TVO.org daily: Thursday, August 8

The end of sushi, Kenora’s housing crisis, and how climate change could affect child health
By TVO Current Affairs - Published on Aug 08, 2019
a graphic of a child drinking water in the hot sun
Ontario Public Health has begun an awareness campaign about the effects of climate change on children.

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Campaign warns of health risks to kids because of climate change

The Ontario Public Health Association launched a campaign Wednesday to inform parents of the health impact that climate change can have on their children. The campaign website, makeitbetterontario.ca, warns that warmer temperatures are likely to lead to more episodes of heat stroke, asthma, and Lyme disease.


The power of private money in Ontario public schools

The Ottawa Citizen has done a deep dive into 113 Ottawa-area elementary schools to highlight how private funding reinforces gaps between have and have-not neighbourhoods in the province. For example, one local school with a large proportion of students from low-income, immigrant families had a school council budget of $1,500 last year, while the school council in a wealthier part of town raised $127,043 in the latest year data was available. The Citizen’s analysis also found that one Ottawa school raised $290.62 per student in 2017-18, while another raised only $3.01 per student the same year.


Three ways the U.S.-China trade war could affect Canada

The Bank of Nova Scotia’s economics team has outlined three scenarios of how the Canadian economy could fare as tensions escalate between the United States and China. If U.S. President Donald Trump goes ahead with a proposed extra 10 per cent tariff on Chinese goods not already affected by the trade battle, a small hit to the Canadian economy of just 0.11 per cent is expected next year. If Trump raises that tariff on Chinese imports to 25 per cent, and China retaliates with more tariffs of its own, Canada could see a slightly larger reduction, at 0.17 per cent. But if Trump goes “scorched-earth” and increases tariffs on all goods entering the U.S. to 25 per cent, the bank predicts Canada would fall into a deep recession that would see GDP contract by 1.6 per cent.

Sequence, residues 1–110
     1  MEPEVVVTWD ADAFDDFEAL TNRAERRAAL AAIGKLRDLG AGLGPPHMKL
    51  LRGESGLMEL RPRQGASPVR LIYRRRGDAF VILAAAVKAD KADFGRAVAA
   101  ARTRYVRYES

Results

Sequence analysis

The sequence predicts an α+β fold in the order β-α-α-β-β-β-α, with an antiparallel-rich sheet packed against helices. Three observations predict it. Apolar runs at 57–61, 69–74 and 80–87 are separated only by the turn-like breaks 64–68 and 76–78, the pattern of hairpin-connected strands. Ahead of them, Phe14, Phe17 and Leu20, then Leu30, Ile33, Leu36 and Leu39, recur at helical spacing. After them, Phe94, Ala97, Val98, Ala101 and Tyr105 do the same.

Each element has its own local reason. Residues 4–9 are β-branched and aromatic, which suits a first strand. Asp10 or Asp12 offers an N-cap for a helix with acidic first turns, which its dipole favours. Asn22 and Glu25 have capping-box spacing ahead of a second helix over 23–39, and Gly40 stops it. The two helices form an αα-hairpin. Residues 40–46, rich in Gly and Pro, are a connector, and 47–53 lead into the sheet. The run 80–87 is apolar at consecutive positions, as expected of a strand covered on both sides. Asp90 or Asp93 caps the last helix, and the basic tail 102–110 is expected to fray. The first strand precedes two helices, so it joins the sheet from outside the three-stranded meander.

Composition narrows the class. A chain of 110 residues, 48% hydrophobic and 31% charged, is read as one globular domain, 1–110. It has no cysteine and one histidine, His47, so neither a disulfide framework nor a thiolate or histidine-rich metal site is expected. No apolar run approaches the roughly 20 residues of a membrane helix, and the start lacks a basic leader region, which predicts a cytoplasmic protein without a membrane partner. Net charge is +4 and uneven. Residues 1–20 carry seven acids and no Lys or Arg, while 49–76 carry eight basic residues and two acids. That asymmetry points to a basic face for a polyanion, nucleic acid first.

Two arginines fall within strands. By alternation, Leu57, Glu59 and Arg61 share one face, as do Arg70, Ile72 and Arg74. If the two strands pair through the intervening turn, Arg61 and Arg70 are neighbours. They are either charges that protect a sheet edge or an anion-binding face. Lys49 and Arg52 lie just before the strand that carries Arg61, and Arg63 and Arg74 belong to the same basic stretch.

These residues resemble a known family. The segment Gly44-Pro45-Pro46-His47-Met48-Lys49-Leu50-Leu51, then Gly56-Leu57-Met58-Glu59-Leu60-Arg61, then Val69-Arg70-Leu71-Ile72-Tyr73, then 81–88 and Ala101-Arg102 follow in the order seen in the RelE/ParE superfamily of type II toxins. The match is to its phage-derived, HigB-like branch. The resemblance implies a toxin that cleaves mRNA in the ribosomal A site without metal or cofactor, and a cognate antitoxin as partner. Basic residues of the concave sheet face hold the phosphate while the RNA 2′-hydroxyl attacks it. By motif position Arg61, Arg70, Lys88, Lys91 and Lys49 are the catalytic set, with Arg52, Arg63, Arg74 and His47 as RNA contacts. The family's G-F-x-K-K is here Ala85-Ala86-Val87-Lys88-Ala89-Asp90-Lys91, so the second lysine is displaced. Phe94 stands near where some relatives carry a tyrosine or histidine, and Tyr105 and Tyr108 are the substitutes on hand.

Picton mother conned out of $6,000

The OPP is warning about an “emergency” scam after a Picton woman received a frantic phone call from a man claiming to be her son. The man told her he was in jail after a serious road accident, then handed the phone over to someone claiming to be a lawyer. The alleged lawyer told the woman to deposit $6,000 into an account to secure her son’s release. She did so, then contacted her actual son, who told her he wasn’t in jail and hadn’t been involved in a collision.



Watch now


The Water Brothers: The end of sushi

Over the span of a few decades, sushi has grown from a regional, exoticized cuisine into one of the most popular foods in the world. The Water Brothers travel across North America to investigate how fishing to supply the demand for sushi affects ocean health and biodiversity. Along the way, they meet sushi chefs who are introducing customers to more sustainable seafood options.


The Agenda in the Summer: U.S. drug costs, Canadian solutions